NC audit: $438M in benefits failed to reach workers quickly

March 14, 2022 GMT

RALEIGH, N.C. (AP) — North Carolina’s unemployment benefits office failed to distribute quickly enough $438 million in initial payments to displaced workers in 2020 and early 2021, state auditors said Monday while scrutinizing the agency’s work during the pandemic. The audit in part blamed the claims process and poor monitoring for the delays.

It’s well-known that the Division of Employment Security struggled in 2020 to get payments out the door promptly. The division saw a record number of applicants for traditional unemployment programs and those created by the federal and state government during the lockdown and related business restrictions. The state unemployment rate reached 13.5% in April and May 2020.

The performance audit quantifies those delays of initial benefits covering all of 2020 and the first quarter of 2021 that failed to be issued within 14 or 21 days of an individual’s filing for claims. Benefit money comes from state and federal sources, depending on the program.


State Auditor Beth Wood’s office found only 60% of the 3.67 million initial payments across eight programs valued at $1.2 billion were sent within the federal government’s standards for timeliness. And 32% of the first payments — totaling $342 million — were not issued within 30 days, the report said.

The delays came amid news reports of “unemployed individuals who depleted their savings, went into debt and were unable to pay their daily living expenses,” the audit said. Early delays amid the onslaught of claims contributed to Gov. Roy Cooper replacing the division’s chief with former state Rep. Pryor Gibson. Program complaints have generally decreased as benefit logjams were loosened, temporary programs expired and applications fell as the economy recovered.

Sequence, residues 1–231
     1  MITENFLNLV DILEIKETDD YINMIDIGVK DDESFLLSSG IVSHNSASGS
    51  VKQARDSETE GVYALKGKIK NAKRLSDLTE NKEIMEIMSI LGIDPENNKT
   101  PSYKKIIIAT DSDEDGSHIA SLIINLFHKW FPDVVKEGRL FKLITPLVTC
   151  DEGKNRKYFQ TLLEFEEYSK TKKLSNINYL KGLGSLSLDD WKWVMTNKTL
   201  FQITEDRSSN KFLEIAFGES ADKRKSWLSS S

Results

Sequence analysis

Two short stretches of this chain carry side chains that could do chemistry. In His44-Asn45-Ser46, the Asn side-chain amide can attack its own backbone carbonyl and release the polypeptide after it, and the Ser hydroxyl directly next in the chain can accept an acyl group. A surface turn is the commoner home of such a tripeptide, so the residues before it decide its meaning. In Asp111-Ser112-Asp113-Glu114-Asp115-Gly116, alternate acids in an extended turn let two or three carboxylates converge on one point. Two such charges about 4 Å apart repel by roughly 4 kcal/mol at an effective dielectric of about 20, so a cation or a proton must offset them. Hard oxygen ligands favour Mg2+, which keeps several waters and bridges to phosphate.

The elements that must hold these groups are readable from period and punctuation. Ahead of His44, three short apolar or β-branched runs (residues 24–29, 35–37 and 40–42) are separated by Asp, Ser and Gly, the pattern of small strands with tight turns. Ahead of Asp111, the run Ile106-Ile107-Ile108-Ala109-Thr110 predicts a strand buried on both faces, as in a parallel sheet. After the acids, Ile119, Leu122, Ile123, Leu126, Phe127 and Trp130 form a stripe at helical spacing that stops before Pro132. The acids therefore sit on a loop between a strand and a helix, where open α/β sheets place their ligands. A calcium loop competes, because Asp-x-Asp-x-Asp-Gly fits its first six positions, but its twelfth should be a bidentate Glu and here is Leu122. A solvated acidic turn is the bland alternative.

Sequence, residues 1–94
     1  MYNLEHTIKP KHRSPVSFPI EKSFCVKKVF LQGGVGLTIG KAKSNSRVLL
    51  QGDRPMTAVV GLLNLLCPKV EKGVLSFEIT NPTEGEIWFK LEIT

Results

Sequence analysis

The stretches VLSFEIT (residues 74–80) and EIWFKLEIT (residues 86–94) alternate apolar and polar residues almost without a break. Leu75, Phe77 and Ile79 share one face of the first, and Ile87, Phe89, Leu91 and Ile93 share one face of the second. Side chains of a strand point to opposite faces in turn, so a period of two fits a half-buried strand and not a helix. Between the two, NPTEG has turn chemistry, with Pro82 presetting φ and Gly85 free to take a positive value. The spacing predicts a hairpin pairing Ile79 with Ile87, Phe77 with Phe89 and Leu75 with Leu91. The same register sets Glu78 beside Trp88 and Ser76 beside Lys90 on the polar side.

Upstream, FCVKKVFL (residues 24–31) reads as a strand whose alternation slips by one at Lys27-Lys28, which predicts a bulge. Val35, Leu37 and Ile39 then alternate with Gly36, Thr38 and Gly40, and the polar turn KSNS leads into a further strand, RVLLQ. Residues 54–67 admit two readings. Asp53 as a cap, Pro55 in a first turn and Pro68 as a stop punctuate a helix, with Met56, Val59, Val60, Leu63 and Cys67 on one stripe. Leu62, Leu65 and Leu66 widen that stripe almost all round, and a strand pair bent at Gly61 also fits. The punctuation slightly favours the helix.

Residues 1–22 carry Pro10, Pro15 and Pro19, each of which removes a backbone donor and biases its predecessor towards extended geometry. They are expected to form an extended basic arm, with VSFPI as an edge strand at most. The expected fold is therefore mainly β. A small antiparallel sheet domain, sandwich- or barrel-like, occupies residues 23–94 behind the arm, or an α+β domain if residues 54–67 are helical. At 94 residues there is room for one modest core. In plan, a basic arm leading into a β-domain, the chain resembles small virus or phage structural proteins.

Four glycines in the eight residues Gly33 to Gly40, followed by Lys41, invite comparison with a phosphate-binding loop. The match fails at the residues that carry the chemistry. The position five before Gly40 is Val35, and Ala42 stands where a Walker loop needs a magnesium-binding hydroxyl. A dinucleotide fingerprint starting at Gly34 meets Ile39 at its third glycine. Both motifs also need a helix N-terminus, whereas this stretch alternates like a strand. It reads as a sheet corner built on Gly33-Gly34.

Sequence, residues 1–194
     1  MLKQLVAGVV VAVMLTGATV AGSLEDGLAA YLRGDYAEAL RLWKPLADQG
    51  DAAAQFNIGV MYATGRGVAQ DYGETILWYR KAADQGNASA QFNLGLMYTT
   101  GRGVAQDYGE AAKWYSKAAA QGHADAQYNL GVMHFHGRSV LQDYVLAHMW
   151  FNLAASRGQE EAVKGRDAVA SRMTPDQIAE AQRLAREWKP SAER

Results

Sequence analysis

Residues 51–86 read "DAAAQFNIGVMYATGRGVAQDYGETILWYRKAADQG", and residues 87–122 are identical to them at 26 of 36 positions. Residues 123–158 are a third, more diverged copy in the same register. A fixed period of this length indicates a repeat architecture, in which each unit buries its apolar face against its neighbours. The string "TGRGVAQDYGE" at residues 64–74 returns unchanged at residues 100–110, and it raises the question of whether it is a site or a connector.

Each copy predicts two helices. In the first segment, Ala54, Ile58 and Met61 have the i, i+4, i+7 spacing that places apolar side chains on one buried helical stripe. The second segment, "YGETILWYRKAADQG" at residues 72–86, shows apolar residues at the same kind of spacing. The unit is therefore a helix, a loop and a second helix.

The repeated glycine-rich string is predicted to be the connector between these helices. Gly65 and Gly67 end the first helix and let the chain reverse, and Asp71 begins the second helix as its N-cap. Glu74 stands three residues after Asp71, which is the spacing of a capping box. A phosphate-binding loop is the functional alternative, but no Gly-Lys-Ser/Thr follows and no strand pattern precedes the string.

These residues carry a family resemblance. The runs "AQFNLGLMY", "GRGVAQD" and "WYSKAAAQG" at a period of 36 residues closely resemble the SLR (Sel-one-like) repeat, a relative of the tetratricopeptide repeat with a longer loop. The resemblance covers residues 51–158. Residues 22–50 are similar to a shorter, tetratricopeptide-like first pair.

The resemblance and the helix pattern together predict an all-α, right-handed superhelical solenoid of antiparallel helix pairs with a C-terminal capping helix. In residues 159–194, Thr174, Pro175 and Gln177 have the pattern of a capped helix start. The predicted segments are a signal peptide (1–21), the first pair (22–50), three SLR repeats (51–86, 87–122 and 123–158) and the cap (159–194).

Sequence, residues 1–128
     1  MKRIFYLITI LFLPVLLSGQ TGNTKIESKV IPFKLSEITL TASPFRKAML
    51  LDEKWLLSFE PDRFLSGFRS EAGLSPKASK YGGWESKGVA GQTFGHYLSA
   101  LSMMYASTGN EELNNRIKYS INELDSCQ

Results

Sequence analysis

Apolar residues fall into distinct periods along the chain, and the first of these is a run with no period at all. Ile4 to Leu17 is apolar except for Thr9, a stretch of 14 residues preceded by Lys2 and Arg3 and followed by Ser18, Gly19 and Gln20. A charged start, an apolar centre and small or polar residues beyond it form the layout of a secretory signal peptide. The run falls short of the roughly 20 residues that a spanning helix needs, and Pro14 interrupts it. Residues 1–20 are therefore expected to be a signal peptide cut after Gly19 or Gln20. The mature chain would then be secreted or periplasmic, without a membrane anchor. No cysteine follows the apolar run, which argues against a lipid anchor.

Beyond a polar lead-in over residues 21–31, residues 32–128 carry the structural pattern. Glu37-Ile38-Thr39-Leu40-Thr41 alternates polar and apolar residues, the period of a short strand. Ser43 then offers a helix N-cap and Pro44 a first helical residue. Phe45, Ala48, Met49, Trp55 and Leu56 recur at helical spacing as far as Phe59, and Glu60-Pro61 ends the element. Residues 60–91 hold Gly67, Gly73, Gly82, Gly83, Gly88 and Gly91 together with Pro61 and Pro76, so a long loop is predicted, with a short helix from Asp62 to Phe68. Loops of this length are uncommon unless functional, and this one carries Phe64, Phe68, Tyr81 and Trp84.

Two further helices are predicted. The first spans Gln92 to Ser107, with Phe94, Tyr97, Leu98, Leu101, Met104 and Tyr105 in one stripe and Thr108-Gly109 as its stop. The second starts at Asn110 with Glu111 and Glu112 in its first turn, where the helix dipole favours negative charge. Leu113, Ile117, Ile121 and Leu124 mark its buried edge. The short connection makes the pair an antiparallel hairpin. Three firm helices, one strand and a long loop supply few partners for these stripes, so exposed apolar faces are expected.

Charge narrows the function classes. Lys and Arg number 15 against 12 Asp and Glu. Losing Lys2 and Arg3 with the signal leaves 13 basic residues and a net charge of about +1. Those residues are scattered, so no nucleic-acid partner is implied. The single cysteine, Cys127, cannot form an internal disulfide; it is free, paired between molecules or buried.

In all, $11.6 billion in unemployment benefits were issued during the 15-month period reviewed. Coronavirus lockdowns began in March 2020. Despite the “unprecedented” rise in benefit claims during the pandemic, the division wasn’t “prepared for economic downturns that will inevitably occur,” auditors wrote.

The division did not have a plan or risk assessment that evaluated and addressed what a sudden economic downturn would require, according to the audit. While the agency entered into $261 million in outside contracts to handle the extended surge — nearly all of it going to build up a call center to handle claims questions — monitoring and oversight of the contractors’ work was limited and needs to be improved for future contracts, auditors wrote.


To meet the federal government’s timeliness standard, at least 87% of first benefit payments must be made within 14 or 21 days. The longer time period is allowed for states like North Carolina that require claim applicants to wait one week before receiving their initial weekly benefit. But that waiting week was waived in April 2020.

North Carolina struggled before the pandemic with meeting this standard, failing to reach it annually since 2012 under both Democratic and Republican administrations, according to the audit. And North Carolina’s percentage consistently has fallen below the national average during that stretch. During the period covered by the audit, only two of the eight benefit programs the division was operating met the standard. Both of these program began during the pandemic.

In a formal response attached to the audit, Commerce Secretary Machelle Sanders, whose department oversees the Division of Employment Security, agreed with the audit’s finding, and that the agency was attempting to carry out recommendations.

The response said several external factors contributed to the delays beyond the increase in claims. They included the need for additional benefit fraud prevention measures, longer waits to receive data from places like the Social Security Administration to process claims and required training, system alterations and U.S. Labor Department guidance for new benefit programs.

The division “will improve the timeliness of benefit payments by employing technology and other solutions to better monitor the claims process and assess where delays may occur,” the response reads.

The audit also mentioned what happens when a North Carolina unemployment claim fails to be approved through an automated processing system the state shares with Georgia and South Carolina. That claim then must be manually reviewed by the division, whose allotted timeframe to complete the review is typically 40 days and can reach 110 days, the audit said.